The #StudentHappinessIndex, undertaken by @Endsleigh Insurance in partnership with the National Union of Students (@NUSUK), is the first research project of its kind to delve into the concerns of students. Today marks the release of its first edition, with subsequent studies to be released annually.
Student happiness declines after the first year of study
Undergraduate university students across the UK become less happy after their first year of study, according to a new report released today.
The Student Happiness Index report confirmed that undergraduates were largely unhappy this year. When asked to rate their contentment on a scale of 0 to 10, 40% of students scored themselves in the lowest bracket of between 0 and 3. In fact, the average life satisfaction score for the students surveyed was 5.9 out of 10, significantly lower than the national average of 7.1*. Furthermore, only a third (33%) of undergraduates said they were optimistic about life after university.
The report also categorises students into four groups based on their happiness and optimism levels: Flourish, Fortunate, Falter and Flounder. Over half (53%) of all first-years are classed as ‘Floundering’ because they score low for both happiness and optimism, a figure that rises to 66% for those in the second year or beyond.
Mental wellbeing is the primary concern of students, hugely influenced by the pandemic, female safety and racial inequality
The pandemic has had a negative impact on student wellbeing in the past year. For undergraduates, 46% said the biggest impact of the Covid-19 crisis has been on their mental health, while just 11% said it was that the impact on their freedom and personal choice.
Meanwhile, the murder of Sarah Everard has also been a huge source of anxiety, with 70% of female undergraduates concerned about their safety. The Black Lives Matter movement and racial equality was another big concern (53%) along with climate change (51%) for all undergraduate students.
Alison Meckiffe, Chief Executive Officer at Endsleigh Insurance, said:
“The UK higher education system has a long-standing reputation of being one of the best in the world, but these figures are hugely concerning. More needs to be done to support undergraduates, particularly after they leave the sanctum of halls in the first year.
“As a priority, we will work with our partners at the National Union of Students to ensure we provide undergraduates with the tools they need to help them flourish in higher education. The launch of the My Endsleigh app means students will have access to 24/7 wellbeing support from trained mental health professionals, so students have the support they need when they need it most.”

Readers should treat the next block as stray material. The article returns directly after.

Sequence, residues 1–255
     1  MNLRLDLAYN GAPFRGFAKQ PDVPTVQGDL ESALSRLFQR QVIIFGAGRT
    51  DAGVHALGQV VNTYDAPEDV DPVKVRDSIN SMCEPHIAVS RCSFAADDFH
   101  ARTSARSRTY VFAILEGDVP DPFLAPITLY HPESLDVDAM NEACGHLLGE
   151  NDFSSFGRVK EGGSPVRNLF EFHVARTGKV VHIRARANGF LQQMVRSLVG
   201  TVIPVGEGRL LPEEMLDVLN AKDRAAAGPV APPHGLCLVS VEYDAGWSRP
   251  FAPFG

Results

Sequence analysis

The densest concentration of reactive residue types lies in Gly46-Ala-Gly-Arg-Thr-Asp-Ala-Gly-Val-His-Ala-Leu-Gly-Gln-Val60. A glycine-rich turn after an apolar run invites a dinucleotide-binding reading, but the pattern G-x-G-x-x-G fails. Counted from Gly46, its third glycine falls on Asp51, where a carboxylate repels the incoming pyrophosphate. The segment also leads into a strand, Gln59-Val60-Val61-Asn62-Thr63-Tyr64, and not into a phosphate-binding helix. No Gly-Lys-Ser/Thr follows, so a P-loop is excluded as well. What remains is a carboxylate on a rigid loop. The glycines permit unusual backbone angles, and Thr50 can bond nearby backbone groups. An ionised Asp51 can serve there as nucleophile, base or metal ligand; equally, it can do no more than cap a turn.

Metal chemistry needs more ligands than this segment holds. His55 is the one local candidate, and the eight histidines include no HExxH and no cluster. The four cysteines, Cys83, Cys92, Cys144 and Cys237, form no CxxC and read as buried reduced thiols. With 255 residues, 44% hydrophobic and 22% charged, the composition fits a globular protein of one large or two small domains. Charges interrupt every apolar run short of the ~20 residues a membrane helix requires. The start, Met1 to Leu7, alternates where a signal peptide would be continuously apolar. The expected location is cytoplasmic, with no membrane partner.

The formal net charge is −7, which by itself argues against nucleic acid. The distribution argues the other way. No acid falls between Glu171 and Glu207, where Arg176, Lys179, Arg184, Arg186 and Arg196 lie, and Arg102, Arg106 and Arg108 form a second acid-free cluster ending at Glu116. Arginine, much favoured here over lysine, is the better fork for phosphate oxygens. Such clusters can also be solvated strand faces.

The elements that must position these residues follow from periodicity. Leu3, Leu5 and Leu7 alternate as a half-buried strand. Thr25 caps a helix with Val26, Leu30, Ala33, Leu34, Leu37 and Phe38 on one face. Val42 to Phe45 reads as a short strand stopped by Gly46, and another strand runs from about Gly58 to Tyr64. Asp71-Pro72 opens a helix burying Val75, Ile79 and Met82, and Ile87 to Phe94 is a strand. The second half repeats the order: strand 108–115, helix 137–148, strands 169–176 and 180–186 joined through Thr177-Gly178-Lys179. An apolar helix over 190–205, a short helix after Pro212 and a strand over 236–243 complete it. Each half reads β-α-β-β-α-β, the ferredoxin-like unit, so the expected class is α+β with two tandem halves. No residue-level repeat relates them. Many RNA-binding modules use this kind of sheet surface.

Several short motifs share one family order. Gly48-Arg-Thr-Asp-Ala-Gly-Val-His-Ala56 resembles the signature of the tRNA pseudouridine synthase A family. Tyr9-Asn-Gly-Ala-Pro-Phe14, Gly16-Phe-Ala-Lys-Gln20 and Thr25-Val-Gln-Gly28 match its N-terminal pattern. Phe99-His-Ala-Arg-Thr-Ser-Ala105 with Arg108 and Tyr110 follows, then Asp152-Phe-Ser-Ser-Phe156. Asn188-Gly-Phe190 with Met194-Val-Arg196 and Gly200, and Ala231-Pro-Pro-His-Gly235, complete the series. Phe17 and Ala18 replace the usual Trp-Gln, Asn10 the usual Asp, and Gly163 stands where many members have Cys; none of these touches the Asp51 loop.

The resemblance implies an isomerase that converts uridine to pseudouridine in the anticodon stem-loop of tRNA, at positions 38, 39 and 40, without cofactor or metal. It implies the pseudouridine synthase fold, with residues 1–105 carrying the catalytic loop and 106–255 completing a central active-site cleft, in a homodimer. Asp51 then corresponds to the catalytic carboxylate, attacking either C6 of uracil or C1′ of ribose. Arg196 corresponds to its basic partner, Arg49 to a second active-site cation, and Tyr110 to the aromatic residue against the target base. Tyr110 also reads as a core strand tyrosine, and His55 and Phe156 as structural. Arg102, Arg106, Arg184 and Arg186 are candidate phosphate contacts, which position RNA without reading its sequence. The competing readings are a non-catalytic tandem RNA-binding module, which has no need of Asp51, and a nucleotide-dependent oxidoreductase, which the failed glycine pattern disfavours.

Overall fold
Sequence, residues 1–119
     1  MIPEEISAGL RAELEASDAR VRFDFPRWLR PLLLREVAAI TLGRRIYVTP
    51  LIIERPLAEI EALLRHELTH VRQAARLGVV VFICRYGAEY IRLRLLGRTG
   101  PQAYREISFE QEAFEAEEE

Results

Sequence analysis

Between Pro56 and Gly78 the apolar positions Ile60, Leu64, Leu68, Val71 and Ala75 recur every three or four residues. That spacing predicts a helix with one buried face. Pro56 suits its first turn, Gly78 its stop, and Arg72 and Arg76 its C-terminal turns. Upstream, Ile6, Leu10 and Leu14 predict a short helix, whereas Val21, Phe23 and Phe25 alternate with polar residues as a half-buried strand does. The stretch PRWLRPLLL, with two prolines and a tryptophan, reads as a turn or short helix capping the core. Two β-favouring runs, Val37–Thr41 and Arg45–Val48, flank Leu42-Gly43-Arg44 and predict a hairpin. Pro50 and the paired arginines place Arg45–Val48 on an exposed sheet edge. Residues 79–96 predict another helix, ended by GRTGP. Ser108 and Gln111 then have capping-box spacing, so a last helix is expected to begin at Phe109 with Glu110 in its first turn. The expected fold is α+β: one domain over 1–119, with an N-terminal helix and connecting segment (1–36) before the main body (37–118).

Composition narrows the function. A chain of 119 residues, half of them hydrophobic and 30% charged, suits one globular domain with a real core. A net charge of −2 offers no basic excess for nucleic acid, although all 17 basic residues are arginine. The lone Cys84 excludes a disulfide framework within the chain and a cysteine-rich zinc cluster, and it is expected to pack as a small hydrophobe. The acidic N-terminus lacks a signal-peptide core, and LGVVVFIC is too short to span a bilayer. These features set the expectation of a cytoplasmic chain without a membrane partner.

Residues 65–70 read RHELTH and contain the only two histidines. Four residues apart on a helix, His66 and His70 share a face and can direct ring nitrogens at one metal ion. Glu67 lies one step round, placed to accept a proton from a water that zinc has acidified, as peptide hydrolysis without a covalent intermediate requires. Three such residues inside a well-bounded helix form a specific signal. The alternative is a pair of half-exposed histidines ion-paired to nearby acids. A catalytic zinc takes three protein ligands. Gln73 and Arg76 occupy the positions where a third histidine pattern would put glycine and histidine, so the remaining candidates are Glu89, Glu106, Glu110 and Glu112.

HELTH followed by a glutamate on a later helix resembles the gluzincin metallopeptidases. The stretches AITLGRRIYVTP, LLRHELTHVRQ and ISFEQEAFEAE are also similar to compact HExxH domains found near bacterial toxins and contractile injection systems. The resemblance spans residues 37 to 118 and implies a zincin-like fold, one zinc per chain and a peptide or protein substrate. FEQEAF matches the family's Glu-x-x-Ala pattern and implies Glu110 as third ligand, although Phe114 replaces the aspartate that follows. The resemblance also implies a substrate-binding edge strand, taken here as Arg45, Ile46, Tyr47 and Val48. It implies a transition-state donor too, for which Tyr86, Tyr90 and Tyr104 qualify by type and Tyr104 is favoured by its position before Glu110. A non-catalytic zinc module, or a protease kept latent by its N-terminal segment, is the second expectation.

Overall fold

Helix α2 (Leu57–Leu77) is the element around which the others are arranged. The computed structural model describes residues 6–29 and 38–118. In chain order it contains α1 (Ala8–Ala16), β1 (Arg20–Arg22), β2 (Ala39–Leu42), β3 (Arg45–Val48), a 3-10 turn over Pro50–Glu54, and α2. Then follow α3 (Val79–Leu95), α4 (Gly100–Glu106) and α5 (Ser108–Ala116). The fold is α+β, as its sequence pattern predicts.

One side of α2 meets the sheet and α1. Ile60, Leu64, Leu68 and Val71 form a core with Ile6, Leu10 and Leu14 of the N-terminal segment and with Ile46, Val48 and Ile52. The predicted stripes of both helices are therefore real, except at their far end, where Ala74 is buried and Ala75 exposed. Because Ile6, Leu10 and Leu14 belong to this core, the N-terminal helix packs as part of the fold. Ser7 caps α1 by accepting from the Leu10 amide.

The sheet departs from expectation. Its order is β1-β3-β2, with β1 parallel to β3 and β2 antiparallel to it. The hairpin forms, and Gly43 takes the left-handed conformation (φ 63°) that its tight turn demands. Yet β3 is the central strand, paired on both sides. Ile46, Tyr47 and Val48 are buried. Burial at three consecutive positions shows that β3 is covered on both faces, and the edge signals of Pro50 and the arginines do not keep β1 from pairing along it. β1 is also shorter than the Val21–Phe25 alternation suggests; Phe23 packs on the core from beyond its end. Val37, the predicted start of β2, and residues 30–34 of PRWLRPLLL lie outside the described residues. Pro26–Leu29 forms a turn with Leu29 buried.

Larissa Kennedy, President at National Union of Students, said:
“As it stands, the University system needs to do more to support its students. The Student Happiness Index shows that happiness declines after the first year of study, it’s a wake-up call for the sector.
“We must accept that the pandemic has thrust student welfare and happiness into the limelight and do more to support them, including greater investment in social support structures, predominantly for those in private rented accommodation.”
Endsleigh has prioritised student wellbeing and protection for over 55 years, having been founded by the National Union of Student in 1965. The company has grown to work with more than 800 education establishments across nurseries, schools, universities, colleges, student unions, language schools, international students, and not-for-profit organisations.
As a response to the surge in mental wellbeing concerns for students and education establishments, in 2020 Endsleigh developed a dedicated Student Wellbeing proposition which now provides wellbeing support to 400k student lives. In 2021 a dedicated student app, My Endsleigh, was launched to address key student concerns of wellbeing, protection and rewards.
About the Student Happiness Index report
In partnership with the national union of students (NUS), Endsleigh brings to you the first annual student happiness Index. 2,300 students took part the “Happiness Index” survey in June 2021. It’s the first survey of its kind to really delve into the concerns of students and identify who “flounders” and “flourishes” at university. There’s been lots of talk about the impact of Covid on mental health so Endsleigh wanted to get under the skin of why students struggled. The results were weighted to ensure they were representative of the student population. This survey will be repeated annually, so that we can index happiness to track how students feel with the easing of restrictions next year and beyond.